Photon interaction with beamplasma induced electromagnetic turbulence
Summary form only given, as follows. Photon interaction with plasma turbulence induced by relativistic beamplasma instability is studied by 2 and 1/2 D particle simulation code MAGIC. A relativistic beam with a typical Lorentz factor of /spl gamma/=10 to 40 and a beam density of n/sub b/=0.02n/sub o/ is used to induce the beamplasma instability in a collisionless plasma (n/sub o/=1/spl times/10/sup 18/ m/sup 3/, T/sub c/=10 keV). The relativistic beam induces the instability through coupling between the beamplasma mode and an electromagnetic mode resulting in electromagnetic turbulence. The observed growth rate of the instability, as a function of beam velocity and wavevector, agrees well with linear theory. Photonplasmon interaction is studied by injecting a photon, with frequency on the order of /spl omega//sub pe/, into the plasma turbulence. The interaction between the injected photon and the plasma turbulence is analyzed in the frequency domain as well as wavevector domain. The beamplasma induced turbulence generates wavevector modes which can couple into the photon field. Energy from the plasma turbulence has been transferred to the photon increasing the photon frequency to 2/spl omega//sub pe/. The energy absorbed is a fraction of the incoming photon energy. The interaction is found to depend on the beamplasma instability, disappearing when the beamplasma instability is suppressed. View full abstract»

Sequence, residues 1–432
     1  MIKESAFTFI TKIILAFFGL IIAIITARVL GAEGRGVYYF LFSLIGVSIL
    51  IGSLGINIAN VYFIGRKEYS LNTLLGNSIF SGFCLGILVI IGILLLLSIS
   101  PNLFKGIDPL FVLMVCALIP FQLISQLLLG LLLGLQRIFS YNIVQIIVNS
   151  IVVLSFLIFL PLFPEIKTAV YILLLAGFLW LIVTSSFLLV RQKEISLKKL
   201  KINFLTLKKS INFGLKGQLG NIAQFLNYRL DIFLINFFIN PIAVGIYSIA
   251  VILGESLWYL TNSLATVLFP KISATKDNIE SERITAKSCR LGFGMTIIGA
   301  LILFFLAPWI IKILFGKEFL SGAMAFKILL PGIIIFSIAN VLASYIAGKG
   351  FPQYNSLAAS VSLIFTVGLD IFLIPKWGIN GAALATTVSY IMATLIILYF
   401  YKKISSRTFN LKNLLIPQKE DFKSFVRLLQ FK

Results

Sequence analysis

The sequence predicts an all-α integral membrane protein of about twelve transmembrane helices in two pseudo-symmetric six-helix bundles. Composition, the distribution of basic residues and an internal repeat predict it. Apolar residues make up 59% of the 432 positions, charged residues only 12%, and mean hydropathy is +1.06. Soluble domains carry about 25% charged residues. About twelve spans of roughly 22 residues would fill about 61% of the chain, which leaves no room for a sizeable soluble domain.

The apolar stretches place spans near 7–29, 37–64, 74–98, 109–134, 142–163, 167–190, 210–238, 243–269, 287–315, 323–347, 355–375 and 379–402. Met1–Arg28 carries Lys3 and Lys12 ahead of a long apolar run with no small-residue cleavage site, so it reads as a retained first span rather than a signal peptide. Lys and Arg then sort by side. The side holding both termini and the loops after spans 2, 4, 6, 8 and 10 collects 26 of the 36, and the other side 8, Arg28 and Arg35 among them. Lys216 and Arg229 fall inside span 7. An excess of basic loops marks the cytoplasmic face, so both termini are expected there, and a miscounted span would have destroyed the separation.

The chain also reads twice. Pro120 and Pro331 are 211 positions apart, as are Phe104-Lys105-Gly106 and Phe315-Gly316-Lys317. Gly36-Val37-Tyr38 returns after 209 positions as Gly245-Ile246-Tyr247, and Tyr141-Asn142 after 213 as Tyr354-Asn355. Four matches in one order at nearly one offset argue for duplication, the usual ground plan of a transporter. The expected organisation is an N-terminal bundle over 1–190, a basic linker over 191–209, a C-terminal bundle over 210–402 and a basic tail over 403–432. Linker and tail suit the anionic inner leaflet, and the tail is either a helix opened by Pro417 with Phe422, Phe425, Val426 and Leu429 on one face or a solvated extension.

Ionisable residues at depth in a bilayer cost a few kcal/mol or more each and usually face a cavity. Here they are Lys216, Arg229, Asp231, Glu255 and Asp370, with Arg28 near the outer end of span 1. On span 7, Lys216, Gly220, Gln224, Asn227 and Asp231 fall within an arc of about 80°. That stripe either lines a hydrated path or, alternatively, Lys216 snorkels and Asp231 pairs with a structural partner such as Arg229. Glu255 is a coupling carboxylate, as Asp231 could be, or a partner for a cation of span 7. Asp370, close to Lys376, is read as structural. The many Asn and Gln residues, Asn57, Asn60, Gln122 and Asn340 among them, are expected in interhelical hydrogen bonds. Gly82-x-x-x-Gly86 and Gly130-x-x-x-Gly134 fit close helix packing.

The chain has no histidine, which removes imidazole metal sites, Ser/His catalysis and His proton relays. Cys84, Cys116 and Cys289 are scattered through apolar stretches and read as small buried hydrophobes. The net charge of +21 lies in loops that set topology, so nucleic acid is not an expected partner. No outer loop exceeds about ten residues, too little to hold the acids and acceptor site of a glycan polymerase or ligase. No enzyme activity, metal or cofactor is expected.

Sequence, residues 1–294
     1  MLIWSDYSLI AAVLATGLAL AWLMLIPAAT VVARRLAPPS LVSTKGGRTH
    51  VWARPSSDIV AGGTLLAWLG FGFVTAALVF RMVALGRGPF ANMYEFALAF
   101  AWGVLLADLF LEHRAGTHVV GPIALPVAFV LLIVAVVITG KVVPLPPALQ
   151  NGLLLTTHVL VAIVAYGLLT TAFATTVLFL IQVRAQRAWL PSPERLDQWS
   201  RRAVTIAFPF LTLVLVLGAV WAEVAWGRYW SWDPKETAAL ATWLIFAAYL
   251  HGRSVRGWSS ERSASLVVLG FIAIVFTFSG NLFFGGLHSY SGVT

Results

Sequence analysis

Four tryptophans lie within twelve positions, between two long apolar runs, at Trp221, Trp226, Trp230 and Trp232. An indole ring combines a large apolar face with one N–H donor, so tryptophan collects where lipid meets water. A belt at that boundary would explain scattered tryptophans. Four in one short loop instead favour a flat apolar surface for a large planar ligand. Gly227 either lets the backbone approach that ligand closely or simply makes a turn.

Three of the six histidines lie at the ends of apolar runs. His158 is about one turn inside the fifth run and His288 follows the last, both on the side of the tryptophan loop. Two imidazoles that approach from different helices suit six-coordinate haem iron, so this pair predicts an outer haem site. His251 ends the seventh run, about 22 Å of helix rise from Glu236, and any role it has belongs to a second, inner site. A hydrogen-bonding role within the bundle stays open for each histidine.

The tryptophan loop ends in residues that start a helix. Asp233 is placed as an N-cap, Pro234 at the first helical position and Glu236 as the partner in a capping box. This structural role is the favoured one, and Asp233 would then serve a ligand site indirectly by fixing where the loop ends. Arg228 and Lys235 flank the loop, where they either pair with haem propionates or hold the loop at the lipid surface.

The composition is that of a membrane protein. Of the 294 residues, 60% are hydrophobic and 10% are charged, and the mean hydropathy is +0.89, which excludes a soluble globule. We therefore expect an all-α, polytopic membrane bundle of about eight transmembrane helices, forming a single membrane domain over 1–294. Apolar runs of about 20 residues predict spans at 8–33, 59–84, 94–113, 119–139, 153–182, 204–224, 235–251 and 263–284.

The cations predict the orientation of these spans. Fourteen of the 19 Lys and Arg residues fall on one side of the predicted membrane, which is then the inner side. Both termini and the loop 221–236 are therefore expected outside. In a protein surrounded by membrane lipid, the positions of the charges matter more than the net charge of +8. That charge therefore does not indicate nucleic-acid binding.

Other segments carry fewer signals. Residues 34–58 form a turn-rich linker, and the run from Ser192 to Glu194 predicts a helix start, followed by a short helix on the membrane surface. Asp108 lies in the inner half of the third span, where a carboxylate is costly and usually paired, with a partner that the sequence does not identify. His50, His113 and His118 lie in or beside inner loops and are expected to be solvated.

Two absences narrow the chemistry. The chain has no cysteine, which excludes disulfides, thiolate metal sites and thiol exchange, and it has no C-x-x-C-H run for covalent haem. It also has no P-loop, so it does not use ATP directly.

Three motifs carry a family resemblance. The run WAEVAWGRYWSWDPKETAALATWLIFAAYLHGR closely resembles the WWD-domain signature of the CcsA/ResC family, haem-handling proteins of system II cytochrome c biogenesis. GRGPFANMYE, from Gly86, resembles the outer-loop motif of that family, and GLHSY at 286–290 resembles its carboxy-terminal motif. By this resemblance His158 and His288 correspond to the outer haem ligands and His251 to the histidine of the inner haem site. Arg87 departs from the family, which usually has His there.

Dust particles charging in nonMaxwellian plasmas
Summary form only given, as follows. Dust contaminants play an important role in many industrial applications of plasma sciences and in space plasmas. The behaviour of dust particles immersed in plasmas is well understood in many physical situations. The charging of a dust particle under the bombardment of electrons and ions from a Maxwellian plasma has been studied in many papers. The net charge deposited on a dust particle can show fluctuations in time, but a steady state is reached. Theoretical, numerical and experimental work has shown the main features of the interactions between dust particles and Maxwellian plasmas. Recently, a number of papers have investigated with particleincell (PIC) methods the details of the process of dust charging. The theoretical results have been confirmed. However, the studies, theoretical or numerical, have been limited to Maxwellian plasmas. In many physical situations this assumption is not acceptable. As an example, in many plasmaprocessing devices the dust particles have been shown to collect at the edge of the cathode sheath, where the ion and electron velocity distributions clearly have deviations from a Maxwellian equilibrium. In the present work we have investigated the effect of nonMaxwellian distributions and drift velocities, using simulation methods based on the PIC approach. View full abstract»

High frequency bursts at a double layer